Wednesday, January 1, 2014
World's first state-licensed marijuana retailers open doors in Colorado
By Keith Coffman
DENVER (Reuters) - The world's first state-licensed marijuana retailers legally permitted to sell pot for recreational use to the general public opened for business in Colorado on Wednesday with long lines of customers, marking a new chapter in America's drug culture.
Roughly three dozen former medical marijuana dispensaries newly cleared by state regulators to sell pot to consumers who are interested in nothing more than its mind- and mood-altering properties began welcoming customers as early as 8 a.m. MST.
The highly-anticipated New Year's Day opening launched an unprecedented commercial cannabis market that Colorado officials expect will ultimately gross $578 million in annual revenues, including $67 million in tax receipts for the state.
Possession, cultivation and private personal consumption of marijuana by adults for the sake of just getting high has already been legal in Colorado for more than a year under a state constitutional amendment approved by voters.
But as of Wednesday, cannabis was being legally produced, sold and taxed in a system modeled after a regime many states have in place for alcohol sales - but which exists for marijuana nowhere in the world outside of Colorado.
Scores of customers lined up in the cold and snow outside at least two Denver-area stores on Wednesday morning waiting for doors to open.
"I wanted to be one of the first to buy pot and no longer be prosecuted for it. This end of prohibition is long overdue," said Jesse Phillips, 32, an assembly-line worker who was the day's first patron at Botana Care in the Denver suburb of Northglenn. He had camped outside the shop since 1 a.m.
A cheer from about 100 fellow customers waiting in line to buy went up as Phillips made his purchase, an eighth-ounce sampler pack containing four strains of weed - labeled with names such as "King Tut Kush" and "Gypsy Girl" - that sold for $45 including tax.
He also bought a child-proof carry pouch required by state regulations to transport his purchase out of the store.
Robin Hackett, 51, co-owner of Botana Care, said before the opening that she expected between 800 to 1,000 first-day customers, and hired a private security firm to help with any traffic and parking issues that might arise.
Hackett said she has 50 lbs (23 kg) of product on hand, and to avoid a supply shortage the shop will limit purchases to quarter-ounces on Wednesday, including joints, raw buds or cannabis-infused edibles such as pastries or candies.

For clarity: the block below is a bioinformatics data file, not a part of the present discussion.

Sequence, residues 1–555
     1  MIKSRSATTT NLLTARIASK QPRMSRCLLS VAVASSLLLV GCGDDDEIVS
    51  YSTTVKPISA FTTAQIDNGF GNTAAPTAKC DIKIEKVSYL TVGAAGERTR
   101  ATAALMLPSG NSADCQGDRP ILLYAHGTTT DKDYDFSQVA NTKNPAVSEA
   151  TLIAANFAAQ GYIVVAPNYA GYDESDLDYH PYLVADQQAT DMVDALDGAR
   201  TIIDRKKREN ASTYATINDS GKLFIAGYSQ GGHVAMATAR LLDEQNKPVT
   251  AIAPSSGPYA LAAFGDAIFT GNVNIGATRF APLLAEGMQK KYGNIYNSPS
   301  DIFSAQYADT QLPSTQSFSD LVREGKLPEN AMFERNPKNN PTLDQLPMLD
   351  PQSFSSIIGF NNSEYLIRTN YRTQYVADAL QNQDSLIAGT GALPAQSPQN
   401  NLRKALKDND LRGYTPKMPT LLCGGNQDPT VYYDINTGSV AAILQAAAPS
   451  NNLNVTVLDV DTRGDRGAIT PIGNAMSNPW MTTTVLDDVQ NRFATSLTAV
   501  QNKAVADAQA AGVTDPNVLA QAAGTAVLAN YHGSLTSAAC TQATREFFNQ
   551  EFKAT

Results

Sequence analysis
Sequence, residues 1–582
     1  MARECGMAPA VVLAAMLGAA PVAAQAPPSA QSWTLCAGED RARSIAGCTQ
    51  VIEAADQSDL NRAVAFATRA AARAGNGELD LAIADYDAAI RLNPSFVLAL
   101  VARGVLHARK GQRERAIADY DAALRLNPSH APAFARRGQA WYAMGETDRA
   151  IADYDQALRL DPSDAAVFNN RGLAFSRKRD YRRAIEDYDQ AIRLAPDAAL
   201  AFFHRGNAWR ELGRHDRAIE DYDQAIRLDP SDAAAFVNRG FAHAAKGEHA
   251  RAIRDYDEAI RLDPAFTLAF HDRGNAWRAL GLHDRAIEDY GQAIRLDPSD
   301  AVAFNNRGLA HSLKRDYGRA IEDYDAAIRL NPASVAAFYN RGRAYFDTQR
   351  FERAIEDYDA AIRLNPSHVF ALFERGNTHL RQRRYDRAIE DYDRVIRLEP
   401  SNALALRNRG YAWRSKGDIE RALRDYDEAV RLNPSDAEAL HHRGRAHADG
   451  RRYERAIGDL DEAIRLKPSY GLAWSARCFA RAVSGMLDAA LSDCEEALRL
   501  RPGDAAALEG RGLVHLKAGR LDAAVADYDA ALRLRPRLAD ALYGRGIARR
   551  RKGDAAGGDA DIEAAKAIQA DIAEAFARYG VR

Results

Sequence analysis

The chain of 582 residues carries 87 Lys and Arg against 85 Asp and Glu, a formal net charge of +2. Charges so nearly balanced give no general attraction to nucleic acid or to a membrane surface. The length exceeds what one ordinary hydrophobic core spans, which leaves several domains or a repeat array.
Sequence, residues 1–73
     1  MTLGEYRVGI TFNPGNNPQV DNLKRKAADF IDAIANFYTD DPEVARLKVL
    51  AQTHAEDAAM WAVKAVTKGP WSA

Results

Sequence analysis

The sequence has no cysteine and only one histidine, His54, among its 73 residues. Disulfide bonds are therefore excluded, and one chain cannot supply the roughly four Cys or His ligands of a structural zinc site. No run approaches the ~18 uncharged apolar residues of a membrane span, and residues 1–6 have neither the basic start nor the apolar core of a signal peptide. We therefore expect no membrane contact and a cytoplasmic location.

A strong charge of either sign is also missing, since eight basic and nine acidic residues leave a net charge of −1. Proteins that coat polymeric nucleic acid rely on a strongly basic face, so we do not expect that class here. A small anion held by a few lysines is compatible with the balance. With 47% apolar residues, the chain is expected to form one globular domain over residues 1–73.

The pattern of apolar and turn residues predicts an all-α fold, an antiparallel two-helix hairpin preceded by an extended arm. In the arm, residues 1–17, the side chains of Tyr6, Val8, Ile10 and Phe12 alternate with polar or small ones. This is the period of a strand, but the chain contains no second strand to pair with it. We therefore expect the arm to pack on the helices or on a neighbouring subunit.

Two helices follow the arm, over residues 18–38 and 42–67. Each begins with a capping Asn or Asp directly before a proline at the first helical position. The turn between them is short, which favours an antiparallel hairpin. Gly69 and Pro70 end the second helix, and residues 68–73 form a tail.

TURNING POINT IN DRUG CULTURE
Like other stores, Botana Care also stocked related wares, including pipes, rolling papers, bongs, and reusable, locking child-proof pouches.
Voters in Washington state voted to legalize marijuana at the same time Colorado did, in November 2012, but Washington is not slated to open its first retail establishments until later in 2014.
Still, supporters and detractors alike see the two Western states as embarking on an experiment that could mark the beginning of the end for marijuana prohibition at the national level.
"By legalizing marijuana, Colorado has stopped the needless and racially biased enforcement of marijuana prohibition laws," said Ezekiel Edwards, director of the American Civil Liberties Union's Criminal Law Reform Project.
Cannabis remains classified as an illegal narcotic under federal law, though the Obama administration has said it will give individual states leeway to carry out their own recreational-use statutes.
Nearly 20 states, including Colorado and Washington, had already put themselves at odds with the U.S. government by approving marijuana for medical purposes.
Opponents warned that legalizing recreational use could help create an industry intent on attracting underage users and getting more people dependent on the drug.
Comparing the nascent pot market to the alcohol industry, former U.S. Representative Patrick Kennedy, co-founder of Project Smart Approaches to Marijuana, said his group aims to curtail marijuana advertising and to help push local bans on the drug while the industry is still modest in stature.
"This is a battle that if we catch it early enough we can prevent some of the most egregious adverse impacts that have happened as a result of the commercialized market that promotes alcohol use to young people," he said.
Under Colorado law, however, state residents can buy as much as an ounce (28 grams) of marijuana at a time, while out-of-state visitors are restricted to quarter-ounce purchases.
Restraint was certainly the message being propagated on New Year's Eve by Colorado authorities, who posted signs at Denver International Airport and elsewhere around the capital warning that pot shops can only operate during approved hours, and that open, public consumption of marijuana remains illegal.
(Writing and additional reporting by Steve Gorman; Editing by Dan Whitcomb, Lisa Shumaker, Barbara Goldberg and Chris Reese)